A: (Modise) I think that whatever is a significant role on this continent in assisting in that direction, I think the major assistance that you can expect from the United States is knowledge; the kind of support that they are giving us. That support is not only confined to South Africa. Quite a number of member states of SADC have had that support from the United States. We think it is very valuable support. And it's not only confined to South Africa, also countries outside SADC have had that assistance. And, Malawi and others - Egypt, quite a number of them, and we think this is very valuable. It's support in the form of exchange of experience; support in the form of training. In other words, our knowledge, continental knowledge is broadened. There are some members of the African member states - members of the OAU - who have been involved in peacekeeping operations before. Botswana, Zimbabwe, Zambia, Malawi and some countries in West Africa, Nigeria for instance, have been involved in peacekeeping around the world. But still, the support that we are getting from the United States is playing a very, very significant part, and it is very valuable. We value it. So we think that's the support the United States can give. Beyond that, and there is also material support that they are giving, there's financial support from the United States. For instance, in the exercise that we are going to have - Blue Crane - two C130s are coming in. They will help bring some of the countries that cannot afford to bring their members into South Africa to come and take part in this exercise. And it's at great cost that those planes are flying, plus crew, and they will be here throughout this exercise. So, this is the type of support that the United States is giving, plus more, which we value.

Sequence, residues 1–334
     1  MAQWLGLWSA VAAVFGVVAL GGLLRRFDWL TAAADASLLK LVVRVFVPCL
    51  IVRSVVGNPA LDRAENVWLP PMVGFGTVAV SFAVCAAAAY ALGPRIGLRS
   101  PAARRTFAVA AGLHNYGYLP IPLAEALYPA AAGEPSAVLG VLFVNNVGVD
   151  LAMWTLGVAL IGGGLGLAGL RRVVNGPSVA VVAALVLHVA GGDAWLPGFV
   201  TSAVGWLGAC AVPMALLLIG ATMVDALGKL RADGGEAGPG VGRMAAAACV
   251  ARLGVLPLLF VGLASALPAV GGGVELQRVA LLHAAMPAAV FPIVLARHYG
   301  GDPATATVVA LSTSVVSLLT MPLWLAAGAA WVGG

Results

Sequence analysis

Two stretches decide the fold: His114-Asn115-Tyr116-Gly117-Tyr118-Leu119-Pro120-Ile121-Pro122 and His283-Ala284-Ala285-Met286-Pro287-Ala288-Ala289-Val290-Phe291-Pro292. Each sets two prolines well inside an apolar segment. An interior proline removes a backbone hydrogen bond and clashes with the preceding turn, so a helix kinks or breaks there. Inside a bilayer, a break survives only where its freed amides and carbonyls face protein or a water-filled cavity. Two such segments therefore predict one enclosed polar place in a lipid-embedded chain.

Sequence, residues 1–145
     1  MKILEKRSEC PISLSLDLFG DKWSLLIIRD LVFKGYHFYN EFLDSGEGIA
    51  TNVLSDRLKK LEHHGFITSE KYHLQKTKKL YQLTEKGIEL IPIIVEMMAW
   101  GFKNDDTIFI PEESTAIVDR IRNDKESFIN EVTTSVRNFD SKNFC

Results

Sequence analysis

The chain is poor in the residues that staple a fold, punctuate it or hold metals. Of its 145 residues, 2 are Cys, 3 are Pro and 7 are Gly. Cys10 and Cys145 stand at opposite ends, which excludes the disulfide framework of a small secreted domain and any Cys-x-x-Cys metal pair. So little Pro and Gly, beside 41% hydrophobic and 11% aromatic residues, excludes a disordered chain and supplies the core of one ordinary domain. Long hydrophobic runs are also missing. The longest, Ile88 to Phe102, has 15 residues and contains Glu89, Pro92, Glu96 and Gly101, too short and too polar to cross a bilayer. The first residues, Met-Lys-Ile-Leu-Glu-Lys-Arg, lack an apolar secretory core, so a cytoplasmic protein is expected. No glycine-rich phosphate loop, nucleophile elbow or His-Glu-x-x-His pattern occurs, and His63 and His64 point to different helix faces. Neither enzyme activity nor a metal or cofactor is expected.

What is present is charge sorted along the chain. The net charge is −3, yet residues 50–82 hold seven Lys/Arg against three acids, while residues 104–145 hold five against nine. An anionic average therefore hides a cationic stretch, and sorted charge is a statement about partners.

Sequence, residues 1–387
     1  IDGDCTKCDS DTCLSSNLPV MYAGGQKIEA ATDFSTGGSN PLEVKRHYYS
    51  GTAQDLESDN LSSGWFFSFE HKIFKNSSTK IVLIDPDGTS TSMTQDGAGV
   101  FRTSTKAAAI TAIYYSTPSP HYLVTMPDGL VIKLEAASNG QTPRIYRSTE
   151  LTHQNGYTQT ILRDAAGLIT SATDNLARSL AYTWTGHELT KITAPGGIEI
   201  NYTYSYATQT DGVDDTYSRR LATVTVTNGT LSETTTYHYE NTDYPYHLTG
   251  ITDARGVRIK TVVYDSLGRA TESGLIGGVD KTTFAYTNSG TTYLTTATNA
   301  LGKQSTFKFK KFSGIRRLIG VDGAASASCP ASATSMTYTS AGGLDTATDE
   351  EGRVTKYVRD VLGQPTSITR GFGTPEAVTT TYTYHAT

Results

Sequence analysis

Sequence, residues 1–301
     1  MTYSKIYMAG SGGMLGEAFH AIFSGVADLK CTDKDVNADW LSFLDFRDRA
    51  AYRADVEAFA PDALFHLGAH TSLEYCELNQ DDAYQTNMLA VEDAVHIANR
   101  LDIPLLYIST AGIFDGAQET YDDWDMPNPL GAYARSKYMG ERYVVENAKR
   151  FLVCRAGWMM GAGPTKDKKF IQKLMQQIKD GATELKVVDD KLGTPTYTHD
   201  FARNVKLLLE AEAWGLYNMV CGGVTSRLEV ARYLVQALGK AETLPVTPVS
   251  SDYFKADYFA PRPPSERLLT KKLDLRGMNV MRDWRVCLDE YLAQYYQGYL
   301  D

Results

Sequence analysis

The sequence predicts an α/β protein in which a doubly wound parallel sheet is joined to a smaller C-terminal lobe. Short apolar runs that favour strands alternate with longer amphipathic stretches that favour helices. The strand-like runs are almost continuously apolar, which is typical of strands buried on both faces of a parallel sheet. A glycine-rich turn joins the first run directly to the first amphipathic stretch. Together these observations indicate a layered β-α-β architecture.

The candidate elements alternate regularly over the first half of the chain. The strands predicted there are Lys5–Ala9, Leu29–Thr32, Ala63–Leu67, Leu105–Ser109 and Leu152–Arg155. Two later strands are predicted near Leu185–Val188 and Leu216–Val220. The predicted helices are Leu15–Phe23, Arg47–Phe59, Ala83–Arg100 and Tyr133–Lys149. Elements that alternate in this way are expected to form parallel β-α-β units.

Q: What's your opinion of the African Crisis Response Force? Would South Africa be willing to play a more active roll in the region?